• List what is installed: yum list installed
  • List the package name: yum list <package-name>
  • Remove the package: yum remove <package-name>

8. Use Security Extensions
Use a security extension such as SELinux on RHEL or CentOS when you’re able. SELinux provides a flexible Mandatory Access Control (MAC); running a MAC kernel protects the system from malicious or flawed applications that can damage or destroy the system. You’ll have to explore the official Red Hat documentation, which explains SELinux configuration. To check if SELinux is running, run sestatus.

9. Add a Welcome/Warning
Add a welcome or warning display for when users remote into your system. The message can be created using MOTD (message of the day). MOTD’s sole purpose is to display messages on console or SSH session logins. I like for my MOTDs to read “Welcome to <hostname>. All connections are being monitored and recorded.”

  • I recommend vi /etc/motd

10. Monitor Your Logs
Monitor logs whenever you can. Some example logs that you can audit:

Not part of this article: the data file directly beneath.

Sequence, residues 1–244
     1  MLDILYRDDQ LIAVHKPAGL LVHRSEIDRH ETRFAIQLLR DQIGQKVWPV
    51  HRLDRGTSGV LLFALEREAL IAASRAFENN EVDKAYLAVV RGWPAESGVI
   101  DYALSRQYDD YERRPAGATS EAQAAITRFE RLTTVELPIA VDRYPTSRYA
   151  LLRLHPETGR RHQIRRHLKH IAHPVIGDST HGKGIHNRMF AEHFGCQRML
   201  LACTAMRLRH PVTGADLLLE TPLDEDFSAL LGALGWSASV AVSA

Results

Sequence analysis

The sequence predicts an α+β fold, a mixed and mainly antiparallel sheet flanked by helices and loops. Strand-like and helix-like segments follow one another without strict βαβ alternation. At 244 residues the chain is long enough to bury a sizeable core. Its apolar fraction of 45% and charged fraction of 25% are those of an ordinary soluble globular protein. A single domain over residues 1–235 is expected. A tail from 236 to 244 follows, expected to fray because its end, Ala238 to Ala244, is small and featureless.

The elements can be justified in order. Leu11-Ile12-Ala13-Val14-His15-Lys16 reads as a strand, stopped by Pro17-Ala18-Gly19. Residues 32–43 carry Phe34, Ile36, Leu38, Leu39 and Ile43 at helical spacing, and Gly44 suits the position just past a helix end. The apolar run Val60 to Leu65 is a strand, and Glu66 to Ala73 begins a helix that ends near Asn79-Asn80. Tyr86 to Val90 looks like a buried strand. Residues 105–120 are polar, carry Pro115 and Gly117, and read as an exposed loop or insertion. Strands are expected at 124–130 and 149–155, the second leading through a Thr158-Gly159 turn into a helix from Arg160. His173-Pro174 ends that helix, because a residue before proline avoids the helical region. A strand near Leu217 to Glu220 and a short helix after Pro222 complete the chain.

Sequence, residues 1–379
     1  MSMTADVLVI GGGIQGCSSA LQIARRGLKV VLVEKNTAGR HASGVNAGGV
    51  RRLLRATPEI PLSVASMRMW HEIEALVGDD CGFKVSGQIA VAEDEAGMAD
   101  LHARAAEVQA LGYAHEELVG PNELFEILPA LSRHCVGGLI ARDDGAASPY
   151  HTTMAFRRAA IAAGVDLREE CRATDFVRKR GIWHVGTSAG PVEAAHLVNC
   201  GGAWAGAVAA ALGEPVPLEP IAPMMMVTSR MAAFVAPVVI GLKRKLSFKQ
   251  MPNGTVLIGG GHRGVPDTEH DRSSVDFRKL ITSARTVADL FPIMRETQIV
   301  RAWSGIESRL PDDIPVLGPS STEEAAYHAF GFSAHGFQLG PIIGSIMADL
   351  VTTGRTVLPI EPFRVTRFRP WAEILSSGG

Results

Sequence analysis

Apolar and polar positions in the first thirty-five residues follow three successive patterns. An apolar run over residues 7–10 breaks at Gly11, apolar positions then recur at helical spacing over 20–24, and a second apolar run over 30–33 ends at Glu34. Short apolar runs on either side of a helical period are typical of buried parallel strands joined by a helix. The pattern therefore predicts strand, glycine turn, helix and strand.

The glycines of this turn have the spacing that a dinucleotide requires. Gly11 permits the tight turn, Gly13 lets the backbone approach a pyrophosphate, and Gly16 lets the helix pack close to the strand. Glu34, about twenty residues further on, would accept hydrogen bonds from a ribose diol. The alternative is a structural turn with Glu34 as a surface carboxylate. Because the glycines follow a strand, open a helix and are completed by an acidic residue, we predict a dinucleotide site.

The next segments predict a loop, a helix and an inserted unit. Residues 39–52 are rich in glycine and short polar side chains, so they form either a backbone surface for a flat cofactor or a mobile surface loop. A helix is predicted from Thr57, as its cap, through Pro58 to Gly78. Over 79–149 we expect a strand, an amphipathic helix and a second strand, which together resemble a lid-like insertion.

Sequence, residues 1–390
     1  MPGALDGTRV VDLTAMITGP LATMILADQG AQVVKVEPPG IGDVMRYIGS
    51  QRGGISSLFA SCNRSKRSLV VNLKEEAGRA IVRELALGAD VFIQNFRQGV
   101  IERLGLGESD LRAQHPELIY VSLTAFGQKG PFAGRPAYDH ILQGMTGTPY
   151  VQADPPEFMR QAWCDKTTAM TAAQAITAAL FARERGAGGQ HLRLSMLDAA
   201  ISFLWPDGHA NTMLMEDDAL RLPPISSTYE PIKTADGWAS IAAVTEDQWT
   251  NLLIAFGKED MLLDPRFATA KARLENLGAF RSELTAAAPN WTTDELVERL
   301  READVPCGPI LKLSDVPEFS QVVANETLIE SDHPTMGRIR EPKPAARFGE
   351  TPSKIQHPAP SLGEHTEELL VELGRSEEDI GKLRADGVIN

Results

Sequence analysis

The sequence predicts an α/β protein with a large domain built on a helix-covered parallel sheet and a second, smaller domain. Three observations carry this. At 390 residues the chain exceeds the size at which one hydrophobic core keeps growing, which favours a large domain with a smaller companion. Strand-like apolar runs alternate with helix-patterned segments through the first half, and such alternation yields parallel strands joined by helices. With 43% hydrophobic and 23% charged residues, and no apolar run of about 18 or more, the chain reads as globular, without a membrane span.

• System boot log: /var/log/boot.log
  • Authentication log: /var/log/secure
  • Log in records file: /var/log/utmp or /var/log/wtmp:
  • Where whole system logs or current activity are available: /var/log/message
  • Authentication logs: /var/log/auth.log
  • Kernel logs: /var/log/kern.log
  • Crond logs (cron job): /var/log/cron.log
  • Mail server logs: /var/log/maillog

You can even move these logs to a bare metal server to prevent intruders from easily modifying them.

This is just the tip of the iceberg when securing your Linux server. While not the most secure system, it gives you breathing room if you have to deploy quick servers for short duration tests, and so on. You can build more security into your server later for longer, more permanent-type servers.